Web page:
Constructing Postcolonial Migrant Identities in Salman Rushdie’s The Satanic Verses
Abstract: This essay looks at how the identity of the modern postcolonial migrant is articulated across the coordinates of the postcolonial nation, the imperial center and cultural and personal consciousness. The purpose of this paper is to scrutinize the condition of the migrant self, its representations and misrepresentations as thematized by Salman Rushdie’ s The Satanic Verses. It seems that Rushdie proposes a demonic state of the migrant as a man fallen from grace, someone who has willingly severed his ties with the “paradise” of unbroken and unquestioned national identity and has entered a state of “rootlessness”, of not belonging. Therefore, it might be argued that the novel resolves to kill the essence of the pure, “untranslated” self only to reassert it as hybridity and mongrelization. A postmodern novelist like Rushdie is bound to reject as mere fiction the integrity of both the communitarian and the migrant subject. In his view, the self is necessarily fragmented – a construct of bits of ideals, perceptions, desires and beliefs, cultures, histories, and traditions, in one word, a hybrid. Moreover, the novel shows that the migrant, in the very process of moving, of crossing over, redefines the old traditional territorial boundaries, maps and divisions, especially the cultural ones. Therefore, both the location of culture (in Homi Bhabha‟s terms) and the location of the migrant identity are now to be found in the interstitial and the global.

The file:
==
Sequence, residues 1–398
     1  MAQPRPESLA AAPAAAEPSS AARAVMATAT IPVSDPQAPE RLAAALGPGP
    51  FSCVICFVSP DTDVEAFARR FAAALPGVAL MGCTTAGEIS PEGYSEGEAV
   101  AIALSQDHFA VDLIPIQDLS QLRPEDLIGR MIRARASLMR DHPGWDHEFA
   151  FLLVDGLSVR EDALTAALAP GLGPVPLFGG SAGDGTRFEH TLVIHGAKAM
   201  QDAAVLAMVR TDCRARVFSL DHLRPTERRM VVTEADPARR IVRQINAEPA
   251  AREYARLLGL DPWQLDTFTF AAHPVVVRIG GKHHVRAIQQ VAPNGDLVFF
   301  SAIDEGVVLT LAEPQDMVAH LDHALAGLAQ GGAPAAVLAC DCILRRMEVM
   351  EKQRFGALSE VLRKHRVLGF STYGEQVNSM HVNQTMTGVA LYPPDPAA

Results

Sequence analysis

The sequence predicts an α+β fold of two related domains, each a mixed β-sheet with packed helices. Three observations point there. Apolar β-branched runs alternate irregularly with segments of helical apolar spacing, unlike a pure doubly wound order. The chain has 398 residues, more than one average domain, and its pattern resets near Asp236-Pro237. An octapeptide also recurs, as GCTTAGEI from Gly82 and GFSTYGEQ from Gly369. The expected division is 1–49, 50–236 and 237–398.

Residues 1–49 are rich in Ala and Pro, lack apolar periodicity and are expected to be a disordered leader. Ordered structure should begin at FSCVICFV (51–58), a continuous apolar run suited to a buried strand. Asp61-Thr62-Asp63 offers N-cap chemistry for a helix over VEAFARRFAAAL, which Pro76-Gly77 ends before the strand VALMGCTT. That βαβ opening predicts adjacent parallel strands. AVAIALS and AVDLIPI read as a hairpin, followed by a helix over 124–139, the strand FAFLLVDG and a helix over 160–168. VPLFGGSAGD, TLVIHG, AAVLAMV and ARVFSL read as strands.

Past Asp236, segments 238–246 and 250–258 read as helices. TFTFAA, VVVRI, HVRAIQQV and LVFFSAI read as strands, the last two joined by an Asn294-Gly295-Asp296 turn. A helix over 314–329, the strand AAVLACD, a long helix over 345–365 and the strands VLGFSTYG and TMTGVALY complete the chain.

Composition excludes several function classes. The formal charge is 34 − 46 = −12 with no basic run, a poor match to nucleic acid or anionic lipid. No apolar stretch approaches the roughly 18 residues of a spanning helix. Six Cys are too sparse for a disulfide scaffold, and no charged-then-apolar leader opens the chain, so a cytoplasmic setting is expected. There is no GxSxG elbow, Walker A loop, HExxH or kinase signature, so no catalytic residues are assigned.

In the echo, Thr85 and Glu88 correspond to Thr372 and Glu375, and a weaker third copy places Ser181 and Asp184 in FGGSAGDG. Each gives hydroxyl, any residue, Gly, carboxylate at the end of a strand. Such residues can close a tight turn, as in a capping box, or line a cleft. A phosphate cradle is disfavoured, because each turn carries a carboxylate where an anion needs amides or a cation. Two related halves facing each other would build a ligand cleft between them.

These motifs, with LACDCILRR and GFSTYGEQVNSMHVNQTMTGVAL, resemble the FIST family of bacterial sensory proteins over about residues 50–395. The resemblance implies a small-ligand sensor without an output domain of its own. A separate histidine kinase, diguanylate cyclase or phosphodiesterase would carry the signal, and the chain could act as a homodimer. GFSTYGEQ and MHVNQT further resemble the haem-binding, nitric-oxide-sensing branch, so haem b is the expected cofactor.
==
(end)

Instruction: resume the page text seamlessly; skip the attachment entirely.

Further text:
Keywords: migrant, identity, hybridity, postcoloniality, metropolis
To cite the article: Mariana Boeru, (2012) “Constructing Postcolonial Migrant Identities in Salman Rushdie‘s The Satanic Verses”, International Journal of Cross-Cultural Studies and Environmental Communication NO. 1 2012, Vol. 1 Iss: 1, pp.7 – 25
Mariana Boeru is Head of the Foreign Languages Main Center within the Foreign Languages Department at Mircea cel Bătrân Naval Academy, Constanţa. She teaches general English and ESP courses for adults. She is currently a student at the Doctoral School of the Faculty of Letters, Ovidius University, Constanţa. Her research interests are postmodernism, postcolonialism, cultural discourses and the relationship between history and literature.